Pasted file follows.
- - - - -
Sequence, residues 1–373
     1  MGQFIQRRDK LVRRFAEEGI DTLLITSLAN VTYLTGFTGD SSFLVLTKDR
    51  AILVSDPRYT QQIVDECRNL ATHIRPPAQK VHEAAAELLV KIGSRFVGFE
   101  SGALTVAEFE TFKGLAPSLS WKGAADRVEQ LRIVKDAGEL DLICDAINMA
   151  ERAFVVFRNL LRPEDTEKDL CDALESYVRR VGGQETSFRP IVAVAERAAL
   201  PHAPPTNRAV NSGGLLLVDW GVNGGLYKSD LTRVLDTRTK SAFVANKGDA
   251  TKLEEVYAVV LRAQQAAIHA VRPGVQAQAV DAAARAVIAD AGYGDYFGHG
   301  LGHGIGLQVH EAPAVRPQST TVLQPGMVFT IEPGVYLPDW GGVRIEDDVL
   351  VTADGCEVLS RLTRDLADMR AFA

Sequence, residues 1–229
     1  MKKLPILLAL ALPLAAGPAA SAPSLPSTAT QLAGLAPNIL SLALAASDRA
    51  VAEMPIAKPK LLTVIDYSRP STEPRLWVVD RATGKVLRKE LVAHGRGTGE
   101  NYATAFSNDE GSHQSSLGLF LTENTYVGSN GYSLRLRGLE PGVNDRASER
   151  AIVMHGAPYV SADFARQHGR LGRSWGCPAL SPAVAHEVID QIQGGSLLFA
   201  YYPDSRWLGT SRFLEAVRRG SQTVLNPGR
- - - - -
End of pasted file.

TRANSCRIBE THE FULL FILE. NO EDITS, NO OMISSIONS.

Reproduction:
Sequence, residues 1–373
     1  MGQFIQRRDK LVRRFAEEGI DTLLITSLAN VTYLTGFTGD SSFLVLTKDR
    51  AILVSDPRYT QQIVDECRNL ATHIRPPAQK VHEAAAELLV KIGSRFVGFE
   101  SGALTVAEFE TFKGLAPSLS WKGAADRVEQ LRIVKDAGEL DLICDAINMA
   151  ERAFVVFRNL LRPEDTEKDL CDALESYVRR VGGQETSFRP IVAVAERAAL
   201  PHAPPTNRAV NSGGLLLVDW GVNGGLYKSD LTRVLDTRTK SAFVANKGDA
   251  TKLEEVYAVV LRAQQAAIHA VRPGVQAQAV DAAARAVIAD AGYGDYFGHG
   301  LGHGIGLQVH EAPAVRPQST TVLQPGMVFT IEPGVYLPDW GGVRIEDDVL
   351  VTADGCEVLS RLTRDLADMR AFA

Sequence, residues 1–229
     1  MKKLPILLAL ALPLAAGPAA SAPSLPSTAT QLAGLAPNIL SLALAASDRA
    51  VAEMPIAKPK LLTVIDYSRP STEPRLWVVD RATGKVLRKE LVAHGRGTGE
   101  NYATAFSNDE GSHQSSLGLF LTENTYVGSN GYSLRLRGLE PGVNDRASER
   151  AIVMHGAPYV SADFARQHGR LGRSWGCPAL SPAVAHEVID QIQGGSLLFA
   201  YYPDSRWLGT SRFLEAVRRG SQTVLNPGR